Film: "Wall Street - Money Never Sleeps"; Director: Oliver Stone; Cast: Michael Douglas, Shia LaBeouf, Josh Brolin, Carey Mulligan, Susan Sarandon; Rating:***1/2
"Wall Street" in 1987 defined the greedy, materialistic America of its time, a place where everything was okay as long as it led to financial success. It turns out, with its sequel, that nothing much has changed, that whereas once "greed was good, now it's legal" even when financial bubbles all around burst.
"Money Never Sleeps" begins with the release of Gordon Gekko (Douglas) from prison. He holds a grudge against a man due to whom he spent a longer term in prison than was needed.
But if you thought his greed had subsided due to stay in prison, after the first half, you'll realize that now it's only bigger and stronger, mixed as it is with vengeance.
The smart investor manipulates his own daughter Winnie (Mulligan) and her wall street executive beau Jake (LaBeouf) to ride the financial wave once again, even as the financial bubble collapses in 2008.
It was obvious that the global financial meltdown of the last two years would provide the setting for this film. But where it scores, is in its departure from the first. America of Oliver Stone, and otherwise too, is still what it was, only the financial meltdown, gives Stone the opportunity to tell his audience of what is truly important in life, time, love, children and family.
Fans of the first "Wall Street" would be a little disappointed with the slower pace of this one and it's moody, reflective nature. But the bursting of the financial bubble hopefully left audiences with enough time and thoughts to reflect on things that are moneyed, and those that no money can buy - true love and family.
To go beyond the money, Stone introduces some interesting quirks in his characters. Gekko's estranged daughter now runs a little website that digs for the truth. And though she falls for an investment banker, she disapproves of his avarice and greed. And when she gets pregnant and realizes how her hubby had cheated her, she keeps him away, wanting to keep greed away from the one yet to be born.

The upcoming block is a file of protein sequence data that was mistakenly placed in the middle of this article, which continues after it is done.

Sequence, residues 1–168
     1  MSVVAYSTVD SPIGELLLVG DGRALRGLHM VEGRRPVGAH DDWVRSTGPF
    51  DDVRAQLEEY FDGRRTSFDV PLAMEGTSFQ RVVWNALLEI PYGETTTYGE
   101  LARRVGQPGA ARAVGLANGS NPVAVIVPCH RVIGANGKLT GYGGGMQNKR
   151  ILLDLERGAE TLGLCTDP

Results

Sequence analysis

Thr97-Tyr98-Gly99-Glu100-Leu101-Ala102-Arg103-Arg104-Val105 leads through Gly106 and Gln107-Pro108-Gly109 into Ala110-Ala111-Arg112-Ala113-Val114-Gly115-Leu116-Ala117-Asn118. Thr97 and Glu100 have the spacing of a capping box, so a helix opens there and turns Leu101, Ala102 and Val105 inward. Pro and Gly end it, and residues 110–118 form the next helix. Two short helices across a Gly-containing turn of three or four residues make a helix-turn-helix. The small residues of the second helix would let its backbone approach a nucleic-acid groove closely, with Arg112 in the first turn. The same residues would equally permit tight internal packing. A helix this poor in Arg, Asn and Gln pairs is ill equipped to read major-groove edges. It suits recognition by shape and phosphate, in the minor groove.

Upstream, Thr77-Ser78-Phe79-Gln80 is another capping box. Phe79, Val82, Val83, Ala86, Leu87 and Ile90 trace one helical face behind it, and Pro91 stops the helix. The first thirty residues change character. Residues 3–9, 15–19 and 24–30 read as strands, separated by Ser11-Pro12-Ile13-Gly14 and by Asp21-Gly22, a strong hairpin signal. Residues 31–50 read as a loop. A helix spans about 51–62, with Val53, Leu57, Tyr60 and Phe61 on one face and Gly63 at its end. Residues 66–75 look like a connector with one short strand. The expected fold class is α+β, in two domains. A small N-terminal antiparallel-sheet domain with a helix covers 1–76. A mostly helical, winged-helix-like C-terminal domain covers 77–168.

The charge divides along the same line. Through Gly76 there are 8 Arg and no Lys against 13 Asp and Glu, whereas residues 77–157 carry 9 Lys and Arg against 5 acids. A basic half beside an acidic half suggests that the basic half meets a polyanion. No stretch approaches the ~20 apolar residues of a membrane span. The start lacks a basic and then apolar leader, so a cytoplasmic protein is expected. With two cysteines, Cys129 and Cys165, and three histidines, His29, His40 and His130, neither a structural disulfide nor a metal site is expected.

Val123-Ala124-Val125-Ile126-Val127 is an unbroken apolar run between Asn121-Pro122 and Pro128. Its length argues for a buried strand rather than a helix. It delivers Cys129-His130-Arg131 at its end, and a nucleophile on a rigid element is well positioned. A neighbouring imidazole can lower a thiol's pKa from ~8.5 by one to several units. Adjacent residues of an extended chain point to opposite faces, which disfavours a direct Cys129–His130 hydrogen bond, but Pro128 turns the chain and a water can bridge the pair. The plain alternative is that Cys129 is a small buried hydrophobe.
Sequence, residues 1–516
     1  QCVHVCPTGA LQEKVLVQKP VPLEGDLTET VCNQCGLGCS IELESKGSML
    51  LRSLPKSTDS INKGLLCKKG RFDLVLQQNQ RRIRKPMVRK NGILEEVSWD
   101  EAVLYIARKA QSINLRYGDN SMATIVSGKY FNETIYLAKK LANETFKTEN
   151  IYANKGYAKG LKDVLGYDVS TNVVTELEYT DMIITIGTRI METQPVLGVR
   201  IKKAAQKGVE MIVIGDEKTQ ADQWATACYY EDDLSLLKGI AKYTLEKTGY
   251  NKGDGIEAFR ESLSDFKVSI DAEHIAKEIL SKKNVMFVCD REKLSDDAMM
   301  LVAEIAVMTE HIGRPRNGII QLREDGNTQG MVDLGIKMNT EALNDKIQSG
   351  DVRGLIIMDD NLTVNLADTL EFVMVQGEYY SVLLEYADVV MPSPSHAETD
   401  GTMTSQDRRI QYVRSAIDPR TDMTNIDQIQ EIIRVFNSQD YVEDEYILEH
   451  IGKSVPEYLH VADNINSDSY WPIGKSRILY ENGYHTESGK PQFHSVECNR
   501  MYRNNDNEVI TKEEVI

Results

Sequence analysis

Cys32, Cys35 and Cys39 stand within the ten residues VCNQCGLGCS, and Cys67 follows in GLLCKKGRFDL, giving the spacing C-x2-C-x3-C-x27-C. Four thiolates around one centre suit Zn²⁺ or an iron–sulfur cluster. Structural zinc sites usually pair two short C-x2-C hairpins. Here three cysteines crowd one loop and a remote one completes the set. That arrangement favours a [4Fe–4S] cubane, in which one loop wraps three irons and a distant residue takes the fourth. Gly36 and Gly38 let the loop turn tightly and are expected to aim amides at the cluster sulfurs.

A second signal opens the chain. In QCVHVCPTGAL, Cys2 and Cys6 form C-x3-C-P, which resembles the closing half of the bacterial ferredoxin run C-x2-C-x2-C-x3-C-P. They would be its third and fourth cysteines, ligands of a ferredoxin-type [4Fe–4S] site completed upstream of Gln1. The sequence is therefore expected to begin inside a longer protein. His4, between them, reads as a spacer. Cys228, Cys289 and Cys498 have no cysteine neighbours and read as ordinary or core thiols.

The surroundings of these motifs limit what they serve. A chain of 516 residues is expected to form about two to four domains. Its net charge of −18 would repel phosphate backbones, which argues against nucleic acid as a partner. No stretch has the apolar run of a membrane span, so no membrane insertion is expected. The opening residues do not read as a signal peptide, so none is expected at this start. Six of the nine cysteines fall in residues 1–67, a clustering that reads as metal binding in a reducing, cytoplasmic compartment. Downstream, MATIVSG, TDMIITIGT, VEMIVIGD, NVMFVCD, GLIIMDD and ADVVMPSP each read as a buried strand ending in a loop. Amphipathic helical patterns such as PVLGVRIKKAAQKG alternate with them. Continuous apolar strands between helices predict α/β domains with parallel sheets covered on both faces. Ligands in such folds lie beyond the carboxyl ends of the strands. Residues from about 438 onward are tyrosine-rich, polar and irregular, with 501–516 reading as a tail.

Therein lies Stone's message and hope for our materialistic society: That perhaps the new generation will discard the greed of their fathers and better the world.
The cast does well in the hands of Stone, who also shows his adeptness while taking jibes at the new way of doing business on Wall Street, where computers and impersonal statistics take away the little human interaction of the past. He also uses techniques he hasn't used before like split-screens and long camera pans.
Stone uses obvious analogy in the film of falling dominoes and bubbles to depict the current situation. And he hits the bulls and the bears right between the eyes, when he makes the comment about a collapsed system for which "everyone is responsible".
That's what the world has indeed come to. And in the morally ambiguous Gekko, one is left wondering whether he is entirely to be blamed or are we equally responsible for what has happened to the world? The answer won't be an easy one.